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HIV medicine funding positive start to New Year

News Release

HIV medicine funding positive start to New Year

Once-daily combination tablet reduces patient pill burden


Auckland, 21 December 2006 – A new agreement between GlaxoSmithKline (GSK) and drug funding agency PHARMAC will lighten the pill load for HIV patients. A new once-daily HIV medication Kivexa™ (abacavir/lamivudine), which combines two antiretrovirals in one tablet, will be fully funded from January 1st 2007.

Research has shown that patients are more likely to adhere to treatment with their antiretroviral medication if they are able to take fewer pills less frequently and if there are no food restrictions with the treatment.¹ Medication adherence is vital for achieving maximal viral suppression, thereby increasing the patient’s chances of survival.²

GlaxoSmithKline New Zealand Director of Commercial Operations, Michael Bryant, says Kivexa is an important advance in GSK’s ongoing commitment to provide new options in antiretroviral therapy for HIV patients. "Kivexa provides a flexible, well-tolerated and potent combination of two medicines that have been widely used in antiretroviral therapy for years. Patients and health professionals are familiar with the two medicines in Kivexa, which have an established efficacy and long-term safety profile. GSK is delighted funding has been made available for this important advancement."

ENDS

About Kivexa

KivexaTM (abacavir sulphate/lamivudine) is available in 600/300mg tablets. KivexaTM is a funded medicine with Special Authority criteria. Prescription Medicine for the treatment of HIV infection in adults and adolescents; it is not recommended for use in children. Use strictly as directed. Do not take KivexaTM if you have an allergy to abacavir or lamivudine or to any ingredient of the preparation. Tell your doctor if you: experience any side effects, especially hypersensitivity (allergic) reactions; are taking any other medicines or herbal remedies; have liver disease. Side Effects (common/serious): serious allergic reactions, fever, rash, nausea, vomiting, diarrhoea, abdominal pain, lethargy, muscle aches, swelling, headache, tingling sensations, cough, shortness of breath, sore throat, loss of appetite. If symptoms continue or you have side effects, see your doctor, pharmacist or health professional immediately. Additional Consumer Medicine Information for KivexaTM is available at www.medsafe.govt.nz. Normal doctor's office visit fees apply. Ask your doctor if KivexaTM is right for you. KivexaTM is a trademark of GlaxoSmithKline group of companies. Marketed by GlaxoSmithKline NZ Limited, Auckland. TAPS No DA0611AH/06DE/193.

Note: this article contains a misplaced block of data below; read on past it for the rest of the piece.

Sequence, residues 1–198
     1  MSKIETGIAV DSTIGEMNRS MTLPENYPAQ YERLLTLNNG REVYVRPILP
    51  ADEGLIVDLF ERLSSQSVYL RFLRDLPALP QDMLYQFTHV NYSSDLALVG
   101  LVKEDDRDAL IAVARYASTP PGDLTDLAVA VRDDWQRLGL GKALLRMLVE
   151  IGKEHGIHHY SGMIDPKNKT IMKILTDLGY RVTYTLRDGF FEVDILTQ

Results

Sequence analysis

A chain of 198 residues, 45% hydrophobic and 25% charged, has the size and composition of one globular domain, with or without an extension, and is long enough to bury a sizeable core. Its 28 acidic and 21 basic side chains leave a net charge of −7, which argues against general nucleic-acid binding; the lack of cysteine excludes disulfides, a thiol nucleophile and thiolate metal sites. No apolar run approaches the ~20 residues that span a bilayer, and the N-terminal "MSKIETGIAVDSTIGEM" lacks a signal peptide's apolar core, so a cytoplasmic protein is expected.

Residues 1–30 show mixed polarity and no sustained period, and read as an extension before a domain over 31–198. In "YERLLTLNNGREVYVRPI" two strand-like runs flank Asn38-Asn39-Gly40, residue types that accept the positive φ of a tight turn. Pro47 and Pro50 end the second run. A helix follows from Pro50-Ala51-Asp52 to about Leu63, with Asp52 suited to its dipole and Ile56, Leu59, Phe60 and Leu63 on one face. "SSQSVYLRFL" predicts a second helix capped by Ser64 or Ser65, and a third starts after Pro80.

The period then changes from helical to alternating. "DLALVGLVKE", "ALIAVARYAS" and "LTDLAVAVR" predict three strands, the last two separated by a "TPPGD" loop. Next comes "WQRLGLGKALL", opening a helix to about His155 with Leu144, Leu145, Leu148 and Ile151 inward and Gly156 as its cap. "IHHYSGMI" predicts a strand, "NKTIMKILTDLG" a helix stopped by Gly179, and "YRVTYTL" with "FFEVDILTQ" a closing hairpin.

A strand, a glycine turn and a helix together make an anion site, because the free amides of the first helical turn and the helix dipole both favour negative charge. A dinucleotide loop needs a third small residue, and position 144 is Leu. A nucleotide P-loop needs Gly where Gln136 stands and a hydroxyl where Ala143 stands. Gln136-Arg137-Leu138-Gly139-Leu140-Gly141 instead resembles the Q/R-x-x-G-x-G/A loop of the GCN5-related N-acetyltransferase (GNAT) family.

About GlaxoSmithKline: GlaxoSmithKline is one of the world's leading research-based pharmaceutical and healthcare companies and is committed to improving the quality of human life by enabling people to do more, feel better and live longer. GSK is an industry leader in HIV research and therapy and is engaged in research programs designed to investigate new targets to treat HIV/AIDS. For more information, visit GlaxoSmithKline on the World Wide Web at www.gsk.co.nz. As part of the company’s worldwide programme ‘Positive Action’, GlaxoSmithKline New Zealand supplies Pacific Island nations with HIV/AIDS medications at preferential prices to enable developing nations to treat those infected with HIV.


HIV in New Zealand at a glance:

According to a recent AIDS-NewZealand report3, while overall the majority of people diagnosed with HIV have been men who have sex with men, the number of people with HIV infected through heterosexual contact has steadily increased over the past few years.

Furthermore, in parallel with the increase in the number of heterosexual infections, there has been an increase in the number of females affected and an overall increase in the proportion of all HIV infections that are female3.

References

1. Stone VE. Strategies for optimizing adherence to highly active antiretroviral therapy: lessons from research and clinical practice. Clin Infect Dis. 2001; 33: 865-872.

2. Wood E et al. Effect of medication adherence on survival of HIV-infected adults who start highly active antiretroviral therapy when the CD4+ cell count is 0.200 to 0.350 x 109 cells/L.

Ann Intern Med. 2003;139(10): 810-816.

3. AIDS Epidemiology Group. AIDS-New Zealand. 2006 September;58:1-4


ENDS

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